Are there one or two impactful connections along your journey that made a big impact?
I’ve had several mentors in my career that really did change the trajectory. Rhett Wilson. He is not even in the marketing industry but has provided so much guidance. He works for the White House Historical Association and his advice on how to interact with others in business helped me so much early in my career and still helps me to this day. Others that are in marketing, like Greg Head who was the CMO at Infusionsoft or Terry Hicks, who was the COO, modeled by example and the one-off conversations that you may not think of as being very formative ended up being very formative. Some of the greatest advice that I got from everyone collectively is be intentional with your career and ask yourself every year, every quarter or every month, are you getting what you need within your current role to achieve the goals that you’ve set out for yourself? If you’re not, that’s when you have to ask the questions around what can I re-architect or change within my current role? Or, is it time to go look for that next challenge?
What’s one piece of advice you would give to fellow marketers who may be struggling to scale or operationalize content in their organizations?
I’m going to pull from one of my favorite quotes by Theodore Roosevelt, “No one cares how much you know until they know how much you care.” Have the conversation around why you’re doing this and why should they care about your content goals and your go to market goals and help them see the value of pushing through a new process or scaling content in a certain way.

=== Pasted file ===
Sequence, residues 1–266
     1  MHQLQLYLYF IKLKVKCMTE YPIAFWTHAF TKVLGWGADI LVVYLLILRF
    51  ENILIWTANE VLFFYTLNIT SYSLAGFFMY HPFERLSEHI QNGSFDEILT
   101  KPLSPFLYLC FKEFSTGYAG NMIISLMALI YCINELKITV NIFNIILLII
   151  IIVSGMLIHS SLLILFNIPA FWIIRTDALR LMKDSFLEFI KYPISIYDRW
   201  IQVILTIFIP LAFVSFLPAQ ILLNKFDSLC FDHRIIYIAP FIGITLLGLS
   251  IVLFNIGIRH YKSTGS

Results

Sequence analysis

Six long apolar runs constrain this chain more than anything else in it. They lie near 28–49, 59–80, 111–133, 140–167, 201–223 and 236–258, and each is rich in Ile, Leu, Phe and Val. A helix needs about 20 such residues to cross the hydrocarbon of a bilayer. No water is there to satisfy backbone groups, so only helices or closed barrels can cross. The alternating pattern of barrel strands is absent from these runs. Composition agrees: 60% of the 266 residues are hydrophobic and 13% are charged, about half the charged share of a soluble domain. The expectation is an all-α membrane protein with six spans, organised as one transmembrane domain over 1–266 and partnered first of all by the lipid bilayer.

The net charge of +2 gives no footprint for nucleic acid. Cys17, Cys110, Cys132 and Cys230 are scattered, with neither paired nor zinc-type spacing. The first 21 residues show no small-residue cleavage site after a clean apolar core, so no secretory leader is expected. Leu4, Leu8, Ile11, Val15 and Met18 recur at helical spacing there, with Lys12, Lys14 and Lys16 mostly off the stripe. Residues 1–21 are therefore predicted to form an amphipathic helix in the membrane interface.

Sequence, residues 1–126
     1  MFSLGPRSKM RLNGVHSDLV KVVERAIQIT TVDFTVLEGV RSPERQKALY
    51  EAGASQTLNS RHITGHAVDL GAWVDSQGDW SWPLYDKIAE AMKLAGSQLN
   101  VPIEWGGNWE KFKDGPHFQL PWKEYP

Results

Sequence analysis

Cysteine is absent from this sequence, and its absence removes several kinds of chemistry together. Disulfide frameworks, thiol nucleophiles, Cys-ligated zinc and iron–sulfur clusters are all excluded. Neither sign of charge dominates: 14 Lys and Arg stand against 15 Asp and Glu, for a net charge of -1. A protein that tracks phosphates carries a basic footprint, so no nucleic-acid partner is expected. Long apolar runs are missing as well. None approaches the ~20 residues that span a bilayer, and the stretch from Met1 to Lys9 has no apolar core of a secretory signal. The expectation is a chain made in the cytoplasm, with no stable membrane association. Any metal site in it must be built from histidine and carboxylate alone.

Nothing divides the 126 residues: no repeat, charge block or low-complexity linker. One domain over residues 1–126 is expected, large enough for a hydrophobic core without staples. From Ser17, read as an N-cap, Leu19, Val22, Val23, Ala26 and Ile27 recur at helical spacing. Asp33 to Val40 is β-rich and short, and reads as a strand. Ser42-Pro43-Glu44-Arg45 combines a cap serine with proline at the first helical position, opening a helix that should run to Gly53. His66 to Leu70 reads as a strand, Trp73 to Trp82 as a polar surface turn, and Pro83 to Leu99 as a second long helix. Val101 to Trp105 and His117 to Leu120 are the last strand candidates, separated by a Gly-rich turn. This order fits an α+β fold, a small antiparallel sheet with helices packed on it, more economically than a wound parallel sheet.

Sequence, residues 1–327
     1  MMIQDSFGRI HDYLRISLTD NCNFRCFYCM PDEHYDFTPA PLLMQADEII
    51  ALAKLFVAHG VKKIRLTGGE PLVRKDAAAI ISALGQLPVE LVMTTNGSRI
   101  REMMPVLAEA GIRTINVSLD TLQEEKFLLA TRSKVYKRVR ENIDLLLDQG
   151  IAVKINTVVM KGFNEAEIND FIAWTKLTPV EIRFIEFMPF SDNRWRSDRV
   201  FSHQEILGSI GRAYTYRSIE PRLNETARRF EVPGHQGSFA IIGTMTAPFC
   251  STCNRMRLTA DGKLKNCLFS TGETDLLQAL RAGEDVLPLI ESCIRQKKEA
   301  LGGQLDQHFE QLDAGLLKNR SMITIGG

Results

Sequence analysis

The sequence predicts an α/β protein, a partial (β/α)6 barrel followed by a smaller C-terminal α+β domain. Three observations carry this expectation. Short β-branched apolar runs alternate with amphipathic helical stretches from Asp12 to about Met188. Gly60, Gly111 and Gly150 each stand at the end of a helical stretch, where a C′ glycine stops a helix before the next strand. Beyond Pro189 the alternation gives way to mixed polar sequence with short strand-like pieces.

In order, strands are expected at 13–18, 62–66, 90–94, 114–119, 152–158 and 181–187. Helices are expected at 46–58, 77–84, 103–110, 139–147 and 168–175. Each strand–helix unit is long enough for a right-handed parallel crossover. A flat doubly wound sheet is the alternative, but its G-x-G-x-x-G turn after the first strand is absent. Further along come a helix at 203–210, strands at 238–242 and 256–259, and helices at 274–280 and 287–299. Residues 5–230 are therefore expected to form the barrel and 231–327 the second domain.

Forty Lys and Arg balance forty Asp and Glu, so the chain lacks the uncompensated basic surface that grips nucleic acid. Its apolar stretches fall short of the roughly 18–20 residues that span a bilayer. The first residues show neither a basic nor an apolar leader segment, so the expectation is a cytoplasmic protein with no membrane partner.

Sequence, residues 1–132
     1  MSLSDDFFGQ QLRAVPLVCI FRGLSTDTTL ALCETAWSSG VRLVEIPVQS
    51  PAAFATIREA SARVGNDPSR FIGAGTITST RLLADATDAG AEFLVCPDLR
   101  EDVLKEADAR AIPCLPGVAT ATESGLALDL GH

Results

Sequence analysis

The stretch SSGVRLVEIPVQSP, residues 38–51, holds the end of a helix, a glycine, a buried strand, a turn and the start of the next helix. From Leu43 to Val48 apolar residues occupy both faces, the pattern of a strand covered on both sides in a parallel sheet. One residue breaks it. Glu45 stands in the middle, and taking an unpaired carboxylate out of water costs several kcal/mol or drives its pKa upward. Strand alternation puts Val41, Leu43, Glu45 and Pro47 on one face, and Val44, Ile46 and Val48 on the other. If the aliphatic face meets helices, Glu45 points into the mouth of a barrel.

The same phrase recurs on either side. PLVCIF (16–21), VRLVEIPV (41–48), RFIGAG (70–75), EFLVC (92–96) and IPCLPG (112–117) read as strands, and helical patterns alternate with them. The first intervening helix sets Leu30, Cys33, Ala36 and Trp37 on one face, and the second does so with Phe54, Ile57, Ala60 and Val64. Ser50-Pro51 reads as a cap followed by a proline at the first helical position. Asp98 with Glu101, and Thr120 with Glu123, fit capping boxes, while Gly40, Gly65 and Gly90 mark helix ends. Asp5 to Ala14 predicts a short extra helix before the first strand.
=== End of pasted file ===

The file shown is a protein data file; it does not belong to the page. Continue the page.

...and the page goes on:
Coffee drinker, yes or no? Yes.
One marketing tool you’re geeking out over right now? Looker, a marketing analytics tool that enables self-serve analysis.
Favorite piece of technology? Front has totally changed the way that I look at email.
What’s one book you’d pass along to a fellow marketer? Never Eat Alone
One person you’d like to make a connection with? Jeff Bezos. Given what’s happening in the world and how Amazon is truly allowing us to continue to function, it would be so interesting.
What’s your favorite ice breaker when introducing yourself to someone (either online or off)? Sharing a stat about Arizona, that it is literally one of the sunniest places in the world. A lot of people outside of the state don’t know that and they always find that to be somewhat interesting.
How many hours of sleep do you get each night, on average? Six or seven.